Rona Lighthouse is also referred to as South Rona Lighthouse to avoid confusion with North Rona Lighthouse, north of the Isle of Lewis.
Beyond the northern tip of Raasay is the small island of Rona, with its isolated lighthouse at the northern end. The main anchorage on Rona is located in a sea loch on the south of the island. Prior permission must be sought to land on the island due to a military installation.
The first light at Rona was provided by a widow named Janet Mackenzie. She displayed a light in one of the windows of her cottage on the beach for 10 years. This enabled fishing boats to clear the rocks at the harbour entrance, where she is said to have lost her husband and sons.
It was suggested that she be “given an Argand burner with a reflector, and to keep her in oil,” but the Lighthouse Commissioners instead gave her a grant of £20. She is remembered in the name of a 1930s lighthouse boat.
The current lighthouse at Rona, like Isle Ornsay, was first lit on 10th November 1857—the two lights helped to guide mariners through the narrow channel to the east of Skye.
The former shore station in Portree was built in the 1950s for the families of the keepers at Rona Lighthouse until automation in 1975.
On Raasay is Calum’s Road, named after Calum MacLeod, a crofter on the north of Raasay. He had also worked on the supply boat taking stores and relieving keepers at Rona Lighthouse. For a time he was also a relief keeper for the Rona Lighthouse. Following automation in 1975, he became the attendant.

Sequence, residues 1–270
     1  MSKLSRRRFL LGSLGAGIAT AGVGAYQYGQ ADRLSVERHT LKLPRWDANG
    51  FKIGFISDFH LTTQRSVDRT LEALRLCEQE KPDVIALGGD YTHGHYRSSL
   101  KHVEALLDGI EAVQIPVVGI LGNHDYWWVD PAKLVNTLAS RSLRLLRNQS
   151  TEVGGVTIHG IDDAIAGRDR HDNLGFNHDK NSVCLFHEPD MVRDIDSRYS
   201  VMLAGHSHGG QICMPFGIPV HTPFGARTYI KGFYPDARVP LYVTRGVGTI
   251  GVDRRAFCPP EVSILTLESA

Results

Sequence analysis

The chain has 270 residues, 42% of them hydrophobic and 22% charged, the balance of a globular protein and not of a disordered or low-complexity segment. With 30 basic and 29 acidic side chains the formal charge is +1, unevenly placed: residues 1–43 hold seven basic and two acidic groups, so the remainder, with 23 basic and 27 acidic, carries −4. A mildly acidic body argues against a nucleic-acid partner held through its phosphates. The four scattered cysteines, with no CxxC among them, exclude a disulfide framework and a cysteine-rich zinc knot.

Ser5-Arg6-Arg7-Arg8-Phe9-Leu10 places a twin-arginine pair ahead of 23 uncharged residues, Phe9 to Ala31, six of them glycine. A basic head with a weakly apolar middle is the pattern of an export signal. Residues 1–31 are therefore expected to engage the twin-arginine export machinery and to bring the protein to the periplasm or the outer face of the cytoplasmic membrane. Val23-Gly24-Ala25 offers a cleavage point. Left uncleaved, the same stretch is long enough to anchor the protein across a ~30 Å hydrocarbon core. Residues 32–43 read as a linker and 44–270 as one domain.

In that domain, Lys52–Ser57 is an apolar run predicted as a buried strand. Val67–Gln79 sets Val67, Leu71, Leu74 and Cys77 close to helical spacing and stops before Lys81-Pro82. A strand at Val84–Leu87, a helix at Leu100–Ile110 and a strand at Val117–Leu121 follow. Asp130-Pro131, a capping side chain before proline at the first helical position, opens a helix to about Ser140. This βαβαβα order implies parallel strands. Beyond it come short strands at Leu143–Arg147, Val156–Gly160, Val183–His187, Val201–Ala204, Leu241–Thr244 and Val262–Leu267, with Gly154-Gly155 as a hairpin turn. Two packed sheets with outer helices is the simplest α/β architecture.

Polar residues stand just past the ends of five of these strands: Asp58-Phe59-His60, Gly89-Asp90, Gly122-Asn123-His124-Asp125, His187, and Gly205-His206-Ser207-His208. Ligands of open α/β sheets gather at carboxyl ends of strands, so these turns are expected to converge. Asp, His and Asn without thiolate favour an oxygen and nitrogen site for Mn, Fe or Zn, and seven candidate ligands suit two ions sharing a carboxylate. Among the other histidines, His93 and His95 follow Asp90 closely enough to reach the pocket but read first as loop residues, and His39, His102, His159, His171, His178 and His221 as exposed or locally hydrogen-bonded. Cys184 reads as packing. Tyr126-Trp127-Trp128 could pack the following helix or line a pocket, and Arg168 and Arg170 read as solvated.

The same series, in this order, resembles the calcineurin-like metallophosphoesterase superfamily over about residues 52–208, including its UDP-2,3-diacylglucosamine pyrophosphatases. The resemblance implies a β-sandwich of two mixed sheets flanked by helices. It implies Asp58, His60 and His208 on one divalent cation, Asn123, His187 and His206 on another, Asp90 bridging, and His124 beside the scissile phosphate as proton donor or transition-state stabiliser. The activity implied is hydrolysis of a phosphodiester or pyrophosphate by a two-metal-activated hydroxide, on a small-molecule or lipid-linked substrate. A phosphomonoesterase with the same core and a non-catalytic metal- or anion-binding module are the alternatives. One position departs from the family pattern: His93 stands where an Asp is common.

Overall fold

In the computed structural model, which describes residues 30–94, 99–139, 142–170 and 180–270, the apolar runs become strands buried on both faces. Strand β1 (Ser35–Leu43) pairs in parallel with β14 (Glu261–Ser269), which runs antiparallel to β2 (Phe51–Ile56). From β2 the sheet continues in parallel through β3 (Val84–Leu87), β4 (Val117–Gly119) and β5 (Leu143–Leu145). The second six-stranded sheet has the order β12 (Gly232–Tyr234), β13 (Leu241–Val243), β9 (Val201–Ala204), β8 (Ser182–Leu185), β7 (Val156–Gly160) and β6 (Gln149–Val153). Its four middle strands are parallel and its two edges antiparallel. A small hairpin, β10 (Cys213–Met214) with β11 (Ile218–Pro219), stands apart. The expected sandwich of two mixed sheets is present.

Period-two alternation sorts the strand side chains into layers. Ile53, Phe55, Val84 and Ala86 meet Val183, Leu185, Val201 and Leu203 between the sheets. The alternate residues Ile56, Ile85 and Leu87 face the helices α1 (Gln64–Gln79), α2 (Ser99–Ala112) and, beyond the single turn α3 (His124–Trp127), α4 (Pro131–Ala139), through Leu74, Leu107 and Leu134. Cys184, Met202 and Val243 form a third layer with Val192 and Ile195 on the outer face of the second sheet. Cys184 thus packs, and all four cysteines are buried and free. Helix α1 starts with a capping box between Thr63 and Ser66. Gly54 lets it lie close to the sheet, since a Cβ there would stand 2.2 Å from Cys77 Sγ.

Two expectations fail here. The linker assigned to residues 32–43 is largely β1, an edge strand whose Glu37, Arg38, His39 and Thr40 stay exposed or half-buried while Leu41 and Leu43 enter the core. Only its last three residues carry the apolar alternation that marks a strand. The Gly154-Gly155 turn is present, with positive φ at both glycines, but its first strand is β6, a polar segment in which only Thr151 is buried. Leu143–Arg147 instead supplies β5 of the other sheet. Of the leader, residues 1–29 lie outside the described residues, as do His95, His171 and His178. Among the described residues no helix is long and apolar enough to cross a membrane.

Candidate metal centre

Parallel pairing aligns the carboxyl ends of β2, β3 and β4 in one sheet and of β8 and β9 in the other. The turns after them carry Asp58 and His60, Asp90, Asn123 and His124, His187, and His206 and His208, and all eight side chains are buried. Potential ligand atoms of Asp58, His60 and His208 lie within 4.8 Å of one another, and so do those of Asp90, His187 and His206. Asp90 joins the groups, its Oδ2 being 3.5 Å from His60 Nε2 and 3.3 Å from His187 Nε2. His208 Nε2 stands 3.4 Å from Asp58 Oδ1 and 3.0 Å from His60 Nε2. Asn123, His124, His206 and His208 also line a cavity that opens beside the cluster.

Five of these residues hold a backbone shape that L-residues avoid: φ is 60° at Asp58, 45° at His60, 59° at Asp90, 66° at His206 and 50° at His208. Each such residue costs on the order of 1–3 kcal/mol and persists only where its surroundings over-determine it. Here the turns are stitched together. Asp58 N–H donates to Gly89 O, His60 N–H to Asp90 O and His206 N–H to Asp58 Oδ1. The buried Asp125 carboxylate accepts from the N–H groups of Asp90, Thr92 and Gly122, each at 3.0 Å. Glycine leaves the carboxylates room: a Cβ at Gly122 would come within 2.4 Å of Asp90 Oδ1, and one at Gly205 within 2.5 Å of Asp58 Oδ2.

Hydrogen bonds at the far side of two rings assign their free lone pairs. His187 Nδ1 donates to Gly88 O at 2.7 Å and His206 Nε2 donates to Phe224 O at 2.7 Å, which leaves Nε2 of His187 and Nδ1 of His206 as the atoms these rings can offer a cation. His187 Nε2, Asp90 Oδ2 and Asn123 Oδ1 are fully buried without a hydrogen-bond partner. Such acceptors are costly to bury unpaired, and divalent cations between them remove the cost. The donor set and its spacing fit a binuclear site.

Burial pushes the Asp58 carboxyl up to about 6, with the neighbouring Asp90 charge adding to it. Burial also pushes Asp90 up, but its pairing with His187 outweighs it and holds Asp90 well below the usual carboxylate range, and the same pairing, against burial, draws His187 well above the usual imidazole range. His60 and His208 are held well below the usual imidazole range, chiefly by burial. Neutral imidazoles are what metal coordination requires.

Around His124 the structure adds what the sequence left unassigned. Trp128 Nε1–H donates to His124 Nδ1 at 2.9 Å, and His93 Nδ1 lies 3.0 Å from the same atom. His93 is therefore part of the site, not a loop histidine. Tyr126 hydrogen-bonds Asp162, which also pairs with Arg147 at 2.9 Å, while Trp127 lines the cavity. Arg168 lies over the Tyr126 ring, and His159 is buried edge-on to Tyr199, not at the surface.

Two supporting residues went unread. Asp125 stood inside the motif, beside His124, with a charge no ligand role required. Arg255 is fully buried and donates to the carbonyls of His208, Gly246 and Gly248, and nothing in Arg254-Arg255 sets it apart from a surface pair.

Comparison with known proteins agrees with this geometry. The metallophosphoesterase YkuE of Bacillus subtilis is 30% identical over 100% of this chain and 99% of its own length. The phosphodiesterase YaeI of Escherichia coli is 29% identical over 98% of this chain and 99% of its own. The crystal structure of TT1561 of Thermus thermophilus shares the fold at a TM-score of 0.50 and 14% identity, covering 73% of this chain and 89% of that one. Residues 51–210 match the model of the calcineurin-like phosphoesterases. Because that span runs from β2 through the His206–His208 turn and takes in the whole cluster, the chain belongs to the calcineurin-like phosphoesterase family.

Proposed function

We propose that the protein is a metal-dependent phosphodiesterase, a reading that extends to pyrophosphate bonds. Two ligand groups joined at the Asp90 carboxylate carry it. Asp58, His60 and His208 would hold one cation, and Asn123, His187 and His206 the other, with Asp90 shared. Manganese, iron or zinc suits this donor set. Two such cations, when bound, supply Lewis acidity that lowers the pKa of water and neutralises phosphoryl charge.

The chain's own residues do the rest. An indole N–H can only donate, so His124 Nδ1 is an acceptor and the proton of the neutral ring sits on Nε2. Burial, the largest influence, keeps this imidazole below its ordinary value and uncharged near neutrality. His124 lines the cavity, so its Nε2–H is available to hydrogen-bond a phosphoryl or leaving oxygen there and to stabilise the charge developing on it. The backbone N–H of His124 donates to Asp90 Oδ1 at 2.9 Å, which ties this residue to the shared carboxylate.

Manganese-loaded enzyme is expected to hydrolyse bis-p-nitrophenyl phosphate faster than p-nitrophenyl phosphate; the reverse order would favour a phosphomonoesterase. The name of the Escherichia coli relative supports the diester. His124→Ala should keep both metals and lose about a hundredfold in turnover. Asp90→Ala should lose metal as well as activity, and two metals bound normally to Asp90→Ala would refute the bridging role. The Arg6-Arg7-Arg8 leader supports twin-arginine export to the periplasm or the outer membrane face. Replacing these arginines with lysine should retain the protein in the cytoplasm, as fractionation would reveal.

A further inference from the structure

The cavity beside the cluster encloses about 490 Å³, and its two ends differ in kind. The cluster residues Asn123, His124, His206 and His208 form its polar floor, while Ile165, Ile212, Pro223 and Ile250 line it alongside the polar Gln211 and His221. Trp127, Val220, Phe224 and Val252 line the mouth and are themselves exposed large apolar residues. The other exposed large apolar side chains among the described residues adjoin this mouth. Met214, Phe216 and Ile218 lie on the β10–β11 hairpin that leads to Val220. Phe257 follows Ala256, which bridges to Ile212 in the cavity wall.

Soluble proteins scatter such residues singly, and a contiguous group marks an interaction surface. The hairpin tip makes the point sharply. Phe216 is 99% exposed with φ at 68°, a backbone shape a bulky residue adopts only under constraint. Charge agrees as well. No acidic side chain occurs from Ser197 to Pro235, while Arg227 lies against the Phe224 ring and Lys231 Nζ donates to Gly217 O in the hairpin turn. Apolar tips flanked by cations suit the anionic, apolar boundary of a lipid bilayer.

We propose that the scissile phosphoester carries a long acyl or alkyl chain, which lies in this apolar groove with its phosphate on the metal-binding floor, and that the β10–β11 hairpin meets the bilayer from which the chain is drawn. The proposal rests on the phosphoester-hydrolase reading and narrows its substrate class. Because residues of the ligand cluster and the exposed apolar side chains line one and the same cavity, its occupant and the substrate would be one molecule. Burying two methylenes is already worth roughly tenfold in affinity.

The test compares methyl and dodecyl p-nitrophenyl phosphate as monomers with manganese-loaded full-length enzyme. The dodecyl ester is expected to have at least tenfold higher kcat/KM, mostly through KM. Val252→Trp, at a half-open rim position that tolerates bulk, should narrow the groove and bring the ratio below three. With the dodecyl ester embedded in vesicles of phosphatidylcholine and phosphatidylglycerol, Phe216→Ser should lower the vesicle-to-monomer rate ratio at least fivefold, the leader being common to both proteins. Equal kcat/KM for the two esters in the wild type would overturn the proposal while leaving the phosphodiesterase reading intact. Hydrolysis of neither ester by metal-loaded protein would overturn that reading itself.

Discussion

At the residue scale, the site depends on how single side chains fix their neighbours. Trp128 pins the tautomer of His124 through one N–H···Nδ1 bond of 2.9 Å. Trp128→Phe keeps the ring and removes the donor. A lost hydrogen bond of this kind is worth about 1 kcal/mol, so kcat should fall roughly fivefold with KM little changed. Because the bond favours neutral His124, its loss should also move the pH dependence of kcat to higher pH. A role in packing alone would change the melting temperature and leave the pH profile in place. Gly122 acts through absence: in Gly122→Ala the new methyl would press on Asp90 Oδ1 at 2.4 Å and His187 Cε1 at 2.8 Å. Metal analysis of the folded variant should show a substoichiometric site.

Owing to the dwindling population at the north of the island, there was no road between Arnish and Brochel. After numerous failed attempts to get the local council to build one, Calum decided to build a road himself. It was to take him around 15 years to build nearly two miles of road, using just a pick, wheelbarrow and his bare hands. The single-track road with 20 passing places, once completed, was finally tarmacked by the Council after several more years of campaigning by MacLeod.
Calum died in 1988 soon after its completion, and the road became known as Calum’s Road in his honour.